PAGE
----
Shale Gas Outrage press coverage: a dozen stories show public opinion tide turning against fracking
“To hear Aubrey McClendon [CEO of Chesapeake Energy] tell it, protesters opposed to the hydraulic-fracturing process . . . might just be winning the public-relations battle.” The Philadelphia Daily News
“But what about the [anti-natural gas drilling] billboard the Saunters paid for? Well, it’s no longer there. After two days, the billboard company took it down, refunding the couple’s money. Why? The message was too controversial.” NewsWorks
The public tide is turning against fracking, and it’s because of the relentless work we’ve done – and are doing – educating, advocating and agitating for a halt to high-volume hydraulic fracturing based on emerging science, health impacts, and widespread environmental damage. This round-up of articles and press clippings from Shale Gas Outrage, the September 7th demonstration in Philadelphia organized by Protecting Our Waters and 65 allies, shows we are effectively winning the battle to get the truth out about the fracking industry.
In the weeks surrounding Shale Gas Outrage, hundreds of stories in the global press emerged about the “raucous anti-fracking rally in Center City,” including radio, television, print media, and blog posts. With the industry spending millions on ad space and airtime, inserting the reality of PA residents suffering contaminated drinking water – and abdominal pain, mouth ulcers, vomiting, hair loss, signs of arsenic poisoning and more as a result – was no easy feat.
But because of months of careful planning, thousands of volunteer hours, hundreds of dedicated fractivists and the courage of dozens of people who were directly impacted by fracking coming forward to share their stories, our message is resonating. “ ‘[The natural gas industry] show[s] pretty flowers, and green fields, and that it’s a clean fuel [in their ads],’ ” said Julie Sautner of Susquehanna County, PA. “ ‘It may be clean to burn, but it’s not clean to get. These people haven’t seen the dirty process that drilling and fracking is.‘ ”
It was astounding Wednesday when Aubrey McClendon, Chesapeake Energy’s CEO, addressed a convention of drillers in Philadelphia and referred to protests taking place outside the convention hall as “unfettered fear-mongering.”
“Remind me,” he said, “what value have the protestors outside created?”
. . . On the other hand, the protesters haven’t contaminated anyone’s well water.
The air and print war is just one battle of many in the fight to protect our air, water, earth and communities, but with perseverance and truth on our side, it’s a battle we can win. The links below show our growing success, including growth in a key intangible factor: hope.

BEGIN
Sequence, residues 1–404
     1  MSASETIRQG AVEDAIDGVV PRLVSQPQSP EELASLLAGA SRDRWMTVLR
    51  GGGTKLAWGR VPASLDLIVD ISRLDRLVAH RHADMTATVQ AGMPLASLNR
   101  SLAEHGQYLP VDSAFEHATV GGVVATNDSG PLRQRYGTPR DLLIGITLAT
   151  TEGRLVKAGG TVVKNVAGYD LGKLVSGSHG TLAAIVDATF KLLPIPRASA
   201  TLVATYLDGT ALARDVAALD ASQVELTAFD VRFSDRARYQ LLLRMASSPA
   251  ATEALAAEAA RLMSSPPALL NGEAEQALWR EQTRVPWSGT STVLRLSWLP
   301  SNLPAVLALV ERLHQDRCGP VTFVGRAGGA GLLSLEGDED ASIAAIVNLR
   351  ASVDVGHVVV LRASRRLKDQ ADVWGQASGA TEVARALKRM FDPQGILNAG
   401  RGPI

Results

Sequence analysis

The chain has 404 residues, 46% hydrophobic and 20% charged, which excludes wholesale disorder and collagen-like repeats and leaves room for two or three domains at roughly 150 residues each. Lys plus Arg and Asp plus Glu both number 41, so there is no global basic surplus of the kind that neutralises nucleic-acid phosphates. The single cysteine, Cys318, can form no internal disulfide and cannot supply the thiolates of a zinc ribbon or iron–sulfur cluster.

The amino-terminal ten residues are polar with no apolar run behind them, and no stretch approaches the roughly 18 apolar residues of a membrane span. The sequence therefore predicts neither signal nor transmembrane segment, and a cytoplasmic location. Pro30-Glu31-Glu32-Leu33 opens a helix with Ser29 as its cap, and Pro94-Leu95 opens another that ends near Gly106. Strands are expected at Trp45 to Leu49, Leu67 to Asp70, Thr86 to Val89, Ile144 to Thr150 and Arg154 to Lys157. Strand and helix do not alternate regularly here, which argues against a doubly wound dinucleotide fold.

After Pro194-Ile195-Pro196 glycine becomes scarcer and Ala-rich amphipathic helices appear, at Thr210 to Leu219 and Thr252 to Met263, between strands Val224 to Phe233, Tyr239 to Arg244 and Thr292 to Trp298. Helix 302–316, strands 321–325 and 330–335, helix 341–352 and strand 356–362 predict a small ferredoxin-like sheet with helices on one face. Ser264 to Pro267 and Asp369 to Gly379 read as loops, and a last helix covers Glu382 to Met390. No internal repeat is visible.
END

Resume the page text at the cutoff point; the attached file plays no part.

“Hundreds demonstrate against natural gas drillers in Philly” by Dan Denvir, City Paper
“Rendell assails drillers over lack of taxation” by Laura Olsen, Pittsburgh Post-Gazette
“People mix hope, rage, and resolve at Shale Gas Outrage” by Peter Buckland, Sustainability Now Blog
“Natural Disaster: How Did the Gas Industry Get So Fracked Up?” by Ada Kulesza, Philadelphia Weekly
“Hundreds March Through Center City to Protest Marcellus Shale Gas Drilling” also by Ada Kulesza, Philadelphia Weekly
“Fracking’ protesters say drilling jobs not worth environmental risks” by Sarah Hoye, CNN
The last word goes to a farmer from Jefferson County, Jenny Lisak, who grows organic blueberries, fruit trees and vegetables, and whose life has been turned upside down by gas drilling.
Lisak and her husband have lived on their farm for three decades and raised their children there. As the sound of crickets became replaced by the sound of gas drilling trucks and the neighbors’ gas drilling lease threaten not only their peace, but their livelihood, Lisak told reporter Peter Buckland, “I feel like nobody cares, nobody does anything….”
But in a news report posted just yesterday, October 23, 2011, Lisak said attending the Shale Gas Outrage rally gave her hope:
“PA Residents Rally Against Shale Drilling” byPeter Buckland, Voices of Central PA
Jenny Lisak no longer felt like nobody was doing anything after the rally. In an email, she wrote, “I felt like I could see a glimmer of light down the tunnel and it wasn’t from a flare!!! The rally renewed my spirit and gave me some HOPE!!!!!”